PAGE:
Artist website: www.godoystudiola.com
Vinhay Keo // Born in Cambodia and is currently based in Los Angeles, Vinhay Keo employs photography, installation, sculpture, performance, and writing as strategies to explore the persistent hauntings of violence. Freedoms Yet to Come (A Kite Song) is based on a popular Khmer legend about the folk hero Thnon Chhay. Imprisoned by the Chinese king, Thnon Chhay built a kite using the hair of his fellow prisoners as strings, producing a “song” which drove the king to free him. The traditional Khmer Kleng Ek (Singing Kite) is believed to represent freedom and peace. Vinhay Keo’s kite is constructed of both handmade and mass produced materials, alluding to both a cultural tradition and globalization/colonialism. Vinhay earned an MFA from the California Institute of the Arts. His work has been shown in venues across the United States as well as Berlin and Singapore.
Artist website: www.vinhaykeo.com
Constance Old // desert plastic riff. Born in Philadelphia PA, Old is an eco-artist who has made work related to consumption and the environment for the past 25 years. For the 2023 Treenial she has designed a billboard addressing plastic pollution in the desert. Plastic pollution is truly Aterritorial – it turns up universally, even in our bodies. The billboard is installed on the south side of Hwy 62 heading toward Yucca Valley from BoxoPROJECTS. A zine/meditation on plastic, the environment, and our collective future accompanies the installation and is available at BOXO. Old received an MFA from Yale University in Graphic Design. Her practice integrates design, sculpture, craft, and environmental activism. Most recently she made an installation called “Extraction,” at New Bedford Whaling National Park in Massachusetts, using 300 pounds of plastic fishing rope extracted from abandoned lobster traps.
Artist website: www.constanceold.com
Carolyn Pennypacker Riggs // Through an interdisciplinary practice that incorporates sound, sculpture, scent, and collective performance, artist/composer Carolyn Pennypacker Riggs creates new myths and their paraphernalia: hymns, relics, costume, instruments, rites and rituals for an alternate past, and still-possible future. Riggs is the creator of the site-responsive performance ensemble, Song of Eurydice and leads Community Chorus, an experimental, drop-in chorus. She has presented work at museums and biennials/triennials across the US and her work has been featured in X-TRA, New York Times Magazine, Artforum, Rookie, and NYLON. Using the lens of a geologic time scale (“deep time”), Distance Duet considers the intersecting griefs of climate emergency, isolation, and division, as catalysts for transformation and connection. In the piece, multiple narratives occur simultaneously, overlap and interleave spatially and sonically. Presented at The Integratron, Sunday, November 12, 2023, 6:30pm, 7:45pm, Click HERE for ticketing.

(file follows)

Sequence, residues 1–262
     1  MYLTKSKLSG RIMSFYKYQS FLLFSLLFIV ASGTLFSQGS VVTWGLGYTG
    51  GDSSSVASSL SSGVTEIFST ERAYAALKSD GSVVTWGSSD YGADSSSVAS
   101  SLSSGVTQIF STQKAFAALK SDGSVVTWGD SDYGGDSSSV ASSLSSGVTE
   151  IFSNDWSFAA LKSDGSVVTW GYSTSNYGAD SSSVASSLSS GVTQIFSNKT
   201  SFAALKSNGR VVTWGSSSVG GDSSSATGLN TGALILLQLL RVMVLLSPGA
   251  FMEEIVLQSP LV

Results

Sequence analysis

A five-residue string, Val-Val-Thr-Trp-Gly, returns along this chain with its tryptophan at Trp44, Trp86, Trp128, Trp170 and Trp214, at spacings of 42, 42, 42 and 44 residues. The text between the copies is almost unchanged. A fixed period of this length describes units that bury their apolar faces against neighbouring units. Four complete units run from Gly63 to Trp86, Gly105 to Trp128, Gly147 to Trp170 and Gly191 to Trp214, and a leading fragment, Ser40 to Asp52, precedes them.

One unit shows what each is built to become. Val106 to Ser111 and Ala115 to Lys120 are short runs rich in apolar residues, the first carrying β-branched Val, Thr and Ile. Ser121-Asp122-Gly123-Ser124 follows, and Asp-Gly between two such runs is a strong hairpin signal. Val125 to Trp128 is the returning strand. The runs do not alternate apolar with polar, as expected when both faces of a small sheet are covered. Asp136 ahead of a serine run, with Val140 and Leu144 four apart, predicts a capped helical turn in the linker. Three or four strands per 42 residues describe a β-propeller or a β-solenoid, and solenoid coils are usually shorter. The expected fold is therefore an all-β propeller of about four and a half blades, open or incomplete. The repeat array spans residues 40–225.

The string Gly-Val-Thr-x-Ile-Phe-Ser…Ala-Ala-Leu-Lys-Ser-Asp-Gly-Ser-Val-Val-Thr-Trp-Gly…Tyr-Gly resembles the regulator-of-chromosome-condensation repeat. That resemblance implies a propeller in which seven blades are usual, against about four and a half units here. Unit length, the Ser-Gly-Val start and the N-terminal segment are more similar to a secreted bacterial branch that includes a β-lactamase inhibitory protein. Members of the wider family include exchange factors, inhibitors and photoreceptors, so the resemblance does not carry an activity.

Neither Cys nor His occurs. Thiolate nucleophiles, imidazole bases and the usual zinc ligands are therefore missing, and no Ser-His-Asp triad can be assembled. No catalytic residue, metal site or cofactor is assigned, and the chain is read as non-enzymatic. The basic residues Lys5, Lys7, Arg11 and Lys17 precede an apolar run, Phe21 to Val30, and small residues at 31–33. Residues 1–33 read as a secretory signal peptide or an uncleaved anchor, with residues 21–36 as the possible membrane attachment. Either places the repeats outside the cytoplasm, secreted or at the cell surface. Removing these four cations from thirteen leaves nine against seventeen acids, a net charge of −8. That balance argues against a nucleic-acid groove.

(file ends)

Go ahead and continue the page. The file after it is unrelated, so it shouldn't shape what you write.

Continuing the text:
Artist website: www.carolynpennypackerriggs.com
LJ Roberts // As a queer person growing up, traveling by car presented an escape from an environment that was inhospitable to difference for LJ Roberts. Today, travel as a gender non-conforming person presents both freedom and danger. Over the past decade, LJ has amassed an archive of images that depict queer objects, structures, text, and landscapes across the US and internationally. They look for queerness that is subtly gestured or quietly expressed, as well as overt queerness. A horizon is unreachable in perpetuity. In this image, LJ had pulled off onto the side of the road to let the dogs pee and stretch their legs. Two giant tires cast shadows on their tiny bodies. LJ lifted them out of the shadows, onto the giant pieces of rubber and they became the horizon. LJ received the White House Champions of Change Award for LGBTQI+ artists in 2015. Their work has been exhibited and acquired by museums across the US.
Artists website: www.ljroberts.net
Sunny Samuel // With a background in biology Sunny Samuel’s work uses transparency and translucency as both medium and substrate to reflect on the ways that we remember time, light, and space. Circle/Object frames the landscape through its shape, but the circle does not contain the land; the transparent/translucent material allows us to see through, around, and into the work, activating both the viewer’s and artist’s lens as we look to the horizon. The work begins as a fixed vantage but invites us to wander tangible and intangible territories, dissolving borders external and internal, uniting landscape and memory, reminding us that the boulders and cacti we gaze upon become part of our collections and recollections, never simply framing our view but inhabiting our minds. Samuel is an artist based in Los Angeles, CA, received his MFA from the University of California Santa Barbara and has exhibited across the US.